How UNICEF supports humanitarian action for children around the world.
Country-level humanitarian action is supported by a global architecture made up of UNICEF’s seven regional offices and 20 headquarters divisions. These offices provide the core infrastructure to support field preparedness and response to save lives, protect rights, reduce vulnerabilities to disasters and conflicts, support global and country coordination mechanisms and promote humanitarian partnerships.
UNICEF’s global support is coordinated by the Office of Emergency Programmes (EMOPS), the focal point for emergency preparedness and response, humanitarian policies, staff security and support to UNICEF's regional and country offices, as well as strategic coordination with external humanitarian partners both within and outside the United Nations system.
EMOPS leads efforts to ensure that UNICEF’s role in humanitarian crises is clearly defined, that the organization is properly equipped to fulfill that role, and that all levels of the organization are prepared to ensure the rights of all children including those affected by humanitarian crises. The division also coordinates headquarters support to country and regional offices dealing with emergencies. HQ divisions, along with EMOPS, provide the core infrastructure to support field preparedness and response to save lives, protect rights, reduce vulnerabilities to disasters and conflicts, support global and country coordination mechanisms, promote humanitarian partnerships and ensure the safety of personnel and assets.
The UNICEF Office of Emergency Programmes coordinates the organization’s global support for humanitarian action, including through a security team and the 24/7 Operations Centre (OPSCEN), OPSCEN monitors humanitarian crises, political events and security-related incidents around the world with a view to ensuring the safety of staff and providing both field offices and senior decision-makers with critical information related to humanitarian emergencies.
The division is located in both New York and Geneva, which allows for systematic and strategic engagement with humanitarian partners and sister United Nations agencies.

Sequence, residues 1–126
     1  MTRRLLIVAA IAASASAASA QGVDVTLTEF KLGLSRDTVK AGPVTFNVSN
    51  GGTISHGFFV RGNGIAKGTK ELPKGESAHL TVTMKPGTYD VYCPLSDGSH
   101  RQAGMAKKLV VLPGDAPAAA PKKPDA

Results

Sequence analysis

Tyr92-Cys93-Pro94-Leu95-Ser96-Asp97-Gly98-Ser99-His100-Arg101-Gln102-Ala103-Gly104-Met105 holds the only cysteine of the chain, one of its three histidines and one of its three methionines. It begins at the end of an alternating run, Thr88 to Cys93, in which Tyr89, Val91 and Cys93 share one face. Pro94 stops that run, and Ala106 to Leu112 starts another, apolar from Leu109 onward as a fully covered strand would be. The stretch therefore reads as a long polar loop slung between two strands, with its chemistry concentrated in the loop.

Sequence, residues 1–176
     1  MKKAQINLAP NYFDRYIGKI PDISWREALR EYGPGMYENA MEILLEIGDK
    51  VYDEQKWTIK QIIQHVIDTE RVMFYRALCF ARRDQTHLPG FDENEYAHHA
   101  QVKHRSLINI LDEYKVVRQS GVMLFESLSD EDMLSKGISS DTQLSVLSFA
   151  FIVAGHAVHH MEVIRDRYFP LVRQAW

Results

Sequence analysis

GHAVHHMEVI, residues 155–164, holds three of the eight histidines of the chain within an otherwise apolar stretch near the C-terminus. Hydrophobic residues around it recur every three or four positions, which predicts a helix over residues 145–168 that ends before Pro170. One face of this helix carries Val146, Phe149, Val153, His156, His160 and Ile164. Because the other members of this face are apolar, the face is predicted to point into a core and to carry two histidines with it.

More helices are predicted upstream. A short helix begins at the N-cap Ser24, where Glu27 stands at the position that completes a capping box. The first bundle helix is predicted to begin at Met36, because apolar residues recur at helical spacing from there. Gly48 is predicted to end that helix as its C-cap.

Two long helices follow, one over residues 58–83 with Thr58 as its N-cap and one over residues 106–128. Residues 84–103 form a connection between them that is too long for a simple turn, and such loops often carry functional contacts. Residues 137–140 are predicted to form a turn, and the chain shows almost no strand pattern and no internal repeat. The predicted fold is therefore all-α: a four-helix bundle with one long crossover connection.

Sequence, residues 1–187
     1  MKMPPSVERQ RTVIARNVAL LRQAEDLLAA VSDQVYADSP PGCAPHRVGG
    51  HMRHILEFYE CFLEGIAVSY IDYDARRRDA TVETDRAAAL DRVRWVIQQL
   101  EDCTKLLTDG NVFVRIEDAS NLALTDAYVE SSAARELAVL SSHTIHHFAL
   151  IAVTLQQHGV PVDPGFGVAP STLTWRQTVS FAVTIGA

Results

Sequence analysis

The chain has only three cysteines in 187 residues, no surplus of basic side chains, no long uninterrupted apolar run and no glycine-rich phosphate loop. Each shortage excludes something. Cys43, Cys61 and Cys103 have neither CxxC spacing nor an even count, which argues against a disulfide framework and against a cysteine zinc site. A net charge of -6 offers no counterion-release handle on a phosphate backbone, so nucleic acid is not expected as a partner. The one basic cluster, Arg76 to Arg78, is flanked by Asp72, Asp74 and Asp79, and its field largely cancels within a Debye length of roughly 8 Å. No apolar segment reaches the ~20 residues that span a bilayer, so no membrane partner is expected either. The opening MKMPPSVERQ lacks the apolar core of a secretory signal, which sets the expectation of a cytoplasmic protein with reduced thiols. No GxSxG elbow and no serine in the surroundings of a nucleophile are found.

In 2023, this support will cost US$110.7 million. UNICEF will cover 36 per cent of this cost through its core resources and will require US$71.1 million in flexible and multi-year funding to cover the remaining needs.
UNICEF Global Support includes four major components:
UNICEF is investing in ensuring it can be the best it can be to uphold the rights of Children affected by Humanitarian crises.
UNICEF undertook the Humanitarian Review in 2019/20 to understand how its work in emergencies could be strengthened to ensure that UNICEF, together with its partners, can continue to deliver results for children and their families.
The review provides a timely framework for change with clear recommendations that will guide UNICEF to improve the quality of its humanitarian action, in order to be more predictable, efficient and equitable in its emergency response. UNICEF will undertake transformational whole-of-organization change, focusing on cultivating stronger humanitarian leadership, advancing in skill building and learning in key technical areas, improving preparedness and conflict-sensitive risk-informed programming and reinforcing technical capacities, particularly in public health emergencies and migration crises, as well as investing in new implementation modalities to respond effectively and efficiently to children’s need in tomorrow’s emergencies. Such change is already supported by the revised CCCs and the development of the new emergency procedures, which together with the implementation of the review, will help us be more accountable to those we serve, including improving capacity sharing with our local partners for a stronger response together for children.
The humanitarian review is guiding UNICEF in transforming its humanitarian action to ensure it is prepared to respond to the needs of children, even in the most challenging environments.